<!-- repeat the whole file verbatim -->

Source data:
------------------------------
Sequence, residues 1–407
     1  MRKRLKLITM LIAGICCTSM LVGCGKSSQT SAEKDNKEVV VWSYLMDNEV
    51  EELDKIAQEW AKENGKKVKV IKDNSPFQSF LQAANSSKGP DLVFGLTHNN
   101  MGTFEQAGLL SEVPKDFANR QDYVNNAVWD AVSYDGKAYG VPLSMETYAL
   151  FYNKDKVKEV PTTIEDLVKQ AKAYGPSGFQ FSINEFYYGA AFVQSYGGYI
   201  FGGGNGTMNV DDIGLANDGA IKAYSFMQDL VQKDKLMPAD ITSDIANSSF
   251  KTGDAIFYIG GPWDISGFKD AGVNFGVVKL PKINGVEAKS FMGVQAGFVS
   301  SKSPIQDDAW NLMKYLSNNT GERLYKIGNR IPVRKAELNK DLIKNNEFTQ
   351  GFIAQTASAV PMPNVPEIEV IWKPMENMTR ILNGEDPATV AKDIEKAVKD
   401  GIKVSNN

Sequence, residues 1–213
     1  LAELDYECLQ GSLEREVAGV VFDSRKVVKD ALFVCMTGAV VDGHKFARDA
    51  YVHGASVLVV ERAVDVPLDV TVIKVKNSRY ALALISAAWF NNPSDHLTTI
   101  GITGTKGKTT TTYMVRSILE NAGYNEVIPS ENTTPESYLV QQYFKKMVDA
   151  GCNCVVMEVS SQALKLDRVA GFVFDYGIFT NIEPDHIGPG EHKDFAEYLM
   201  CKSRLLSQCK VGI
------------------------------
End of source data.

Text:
Sequence, residues 1–407
     1  MRKRLKLITM LIAGICCTSM LVGCGKSSQT SAEKDNKEVV VWSYLMDNEV
    51  EELDKIAQEW AKENGKKVKV IKDNSPFQSF LQAANSSKGP DLVFGLTHNN
   101  MGTFEQAGLL SEVPKDFANR QDYVNNAVWD AVSYDGKAYG VPLSMETYAL
   151  FYNKDKVKEV PTTIEDLVKQ AKAYGPSGFQ FSINEFYYGA AFVQSYGGYI
   201  FGGGNGTMNV DDIGLANDGA IKAYSFMQDL VQKDKLMPAD ITSDIANSSF
   251  KTGDAIFYIG GPWDISGFKD AGVNFGVVKL PKINGVEAKS FMGVQAGFVS
   301  SKSPIQDDAW NLMKYLSNNT GERLYKIGNR IPVRKAELNK DLIKNNEFTQ
   351  GFIAQTASAV PMPNVPEIEV IWKPMENMTR ILNGEDPATV AKDIEKAVKD
   401  GIKVSNN

Sequence, residues 1–213
     1  LAELDYECLQ GSLEREVAGV VFDSRKVVKD ALFVCMTGAV VDGHKFARDA
    51  YVHGASVLVV ERAVDVPLDV TVIKVKNSRY ALALISAAWF NNPSDHLTTI
   101  GITGTKGKTT TTYMVRSILE NAGYNEVIPS ENTTPESYLV QQYFKKMVDA
   151  GCNCVVMEVS SQALKLDRVA GFVFDYGIFT NIEPDHIGPG EHKDFAEYLM
   201  CKSRLLSQCK VGI